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The dollar weakened against most of its major counterparts as speculation that Federal Reserve Chairman Ben S. Bernanke may signal further steps to boost the U.S. economy damped demand for safer assets.
The New Zealand and Australian dollars led gains versus the greenback after reports showed manufacturing from China to Europe exceeded economists’ forecasts and before Bernanke’s speech on Aug. 26 in Jackson Hole, Wyoming. The euro trimmed an advance versus the dollar as European stocks pared increases. The yen rose versus the greenback even amid speculation officials will act to curb the Japanese currency’s appreciation.
“You have an overall trend of a weaker dollar,” said Fabian Eliasson, head of U.S. currency sales at Mizuho Financial Group Inc. in New York. “The whole market is just waiting for the Jackson Hole meeting. We might not have seen the last of the Federal Reserve putting more liquidity in the market.”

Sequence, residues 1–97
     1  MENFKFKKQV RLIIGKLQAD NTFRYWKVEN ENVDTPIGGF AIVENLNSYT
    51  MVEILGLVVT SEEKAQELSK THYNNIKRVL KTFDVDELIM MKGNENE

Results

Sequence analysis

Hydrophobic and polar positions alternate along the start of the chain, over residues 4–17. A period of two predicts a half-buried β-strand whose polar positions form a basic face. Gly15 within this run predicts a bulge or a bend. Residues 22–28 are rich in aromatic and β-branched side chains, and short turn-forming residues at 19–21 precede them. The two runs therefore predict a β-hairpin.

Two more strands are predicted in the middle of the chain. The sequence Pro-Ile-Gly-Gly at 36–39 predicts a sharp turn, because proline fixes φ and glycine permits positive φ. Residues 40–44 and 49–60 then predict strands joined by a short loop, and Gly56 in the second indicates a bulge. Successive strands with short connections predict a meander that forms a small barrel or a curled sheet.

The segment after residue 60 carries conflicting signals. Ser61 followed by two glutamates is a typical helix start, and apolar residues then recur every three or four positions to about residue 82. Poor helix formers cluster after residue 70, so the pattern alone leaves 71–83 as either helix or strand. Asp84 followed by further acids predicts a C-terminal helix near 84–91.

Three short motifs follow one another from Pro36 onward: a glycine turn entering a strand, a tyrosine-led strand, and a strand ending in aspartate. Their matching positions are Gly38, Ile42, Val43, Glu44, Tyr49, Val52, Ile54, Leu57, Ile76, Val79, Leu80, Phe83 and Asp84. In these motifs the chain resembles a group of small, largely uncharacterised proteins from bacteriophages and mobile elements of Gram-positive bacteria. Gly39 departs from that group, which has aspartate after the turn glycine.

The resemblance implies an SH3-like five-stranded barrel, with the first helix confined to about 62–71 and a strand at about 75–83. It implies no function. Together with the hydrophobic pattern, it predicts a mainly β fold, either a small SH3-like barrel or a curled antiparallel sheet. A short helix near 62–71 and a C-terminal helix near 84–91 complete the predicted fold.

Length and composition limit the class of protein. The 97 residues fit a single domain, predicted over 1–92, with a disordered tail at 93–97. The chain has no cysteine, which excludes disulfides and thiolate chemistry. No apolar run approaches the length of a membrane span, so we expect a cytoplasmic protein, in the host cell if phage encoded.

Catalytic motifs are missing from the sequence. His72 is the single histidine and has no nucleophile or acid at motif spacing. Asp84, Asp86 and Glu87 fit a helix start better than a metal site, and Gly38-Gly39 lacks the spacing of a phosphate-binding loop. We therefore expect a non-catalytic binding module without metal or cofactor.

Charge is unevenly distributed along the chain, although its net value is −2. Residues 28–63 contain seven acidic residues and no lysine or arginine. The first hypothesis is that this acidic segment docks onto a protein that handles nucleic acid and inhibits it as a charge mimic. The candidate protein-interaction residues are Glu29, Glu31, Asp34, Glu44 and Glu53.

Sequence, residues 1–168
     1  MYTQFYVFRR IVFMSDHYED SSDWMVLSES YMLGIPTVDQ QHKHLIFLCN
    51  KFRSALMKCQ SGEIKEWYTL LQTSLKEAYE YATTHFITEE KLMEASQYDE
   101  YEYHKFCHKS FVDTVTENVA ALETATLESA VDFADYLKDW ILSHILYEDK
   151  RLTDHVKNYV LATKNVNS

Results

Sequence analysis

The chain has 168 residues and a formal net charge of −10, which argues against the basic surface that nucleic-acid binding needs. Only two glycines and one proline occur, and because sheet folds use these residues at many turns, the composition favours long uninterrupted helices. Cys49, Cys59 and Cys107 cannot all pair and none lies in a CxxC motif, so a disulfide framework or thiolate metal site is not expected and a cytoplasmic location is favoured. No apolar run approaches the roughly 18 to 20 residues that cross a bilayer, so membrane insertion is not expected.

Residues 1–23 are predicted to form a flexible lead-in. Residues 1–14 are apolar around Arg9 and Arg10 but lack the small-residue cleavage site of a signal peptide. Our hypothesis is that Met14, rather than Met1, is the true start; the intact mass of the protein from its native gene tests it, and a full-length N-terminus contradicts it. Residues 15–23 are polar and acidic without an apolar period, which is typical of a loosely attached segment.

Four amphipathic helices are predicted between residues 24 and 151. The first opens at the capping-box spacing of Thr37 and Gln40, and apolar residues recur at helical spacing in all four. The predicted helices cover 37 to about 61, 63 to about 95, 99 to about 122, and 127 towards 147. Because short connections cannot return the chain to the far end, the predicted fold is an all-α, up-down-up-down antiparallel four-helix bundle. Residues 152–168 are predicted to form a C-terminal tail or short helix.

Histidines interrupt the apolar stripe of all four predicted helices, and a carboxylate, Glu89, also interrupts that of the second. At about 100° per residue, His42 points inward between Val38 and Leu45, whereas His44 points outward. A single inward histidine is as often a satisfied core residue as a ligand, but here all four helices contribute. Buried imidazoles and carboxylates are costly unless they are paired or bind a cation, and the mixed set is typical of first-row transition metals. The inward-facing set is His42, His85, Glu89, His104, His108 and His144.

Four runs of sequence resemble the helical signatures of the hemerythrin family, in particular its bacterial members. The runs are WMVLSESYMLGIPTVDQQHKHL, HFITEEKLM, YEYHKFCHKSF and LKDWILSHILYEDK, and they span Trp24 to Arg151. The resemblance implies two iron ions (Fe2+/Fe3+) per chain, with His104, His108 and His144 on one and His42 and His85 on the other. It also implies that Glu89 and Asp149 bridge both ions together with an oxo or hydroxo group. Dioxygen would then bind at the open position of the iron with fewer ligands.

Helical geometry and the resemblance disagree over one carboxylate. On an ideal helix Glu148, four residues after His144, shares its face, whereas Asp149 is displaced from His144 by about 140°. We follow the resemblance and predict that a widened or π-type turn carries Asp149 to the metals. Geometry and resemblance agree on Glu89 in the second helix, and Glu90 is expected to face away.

The Standard & Poor’s 500 Index advanced 1.5 percent. The Stoxx Europe 600 Index was up 0.6 percent after rising earlier as much as 2.2 percent.
Demand for higher-yielding assets gained today as a preliminary gauge of Chinese manufacturing in August slipped to 49.8, according to a reading of the Purchasing Managers’ Index reported by HSBC Holdings Plc and Markit Economics today. The figure was better than the “rumored” number of 45 and may provide some relief to the market, Bank of America Merrill Lynch’s Ting Lu said. A number below 50 shows a contraction.
Germany’s manufacturing purchasing managers’ index was 52 in August, exceeding the 50.6 median forecast in a Bloomberg survey, Markit Economics said separately today. A composite index of euro-area purchasing managers in services and manufacturing also exceeded estimates.
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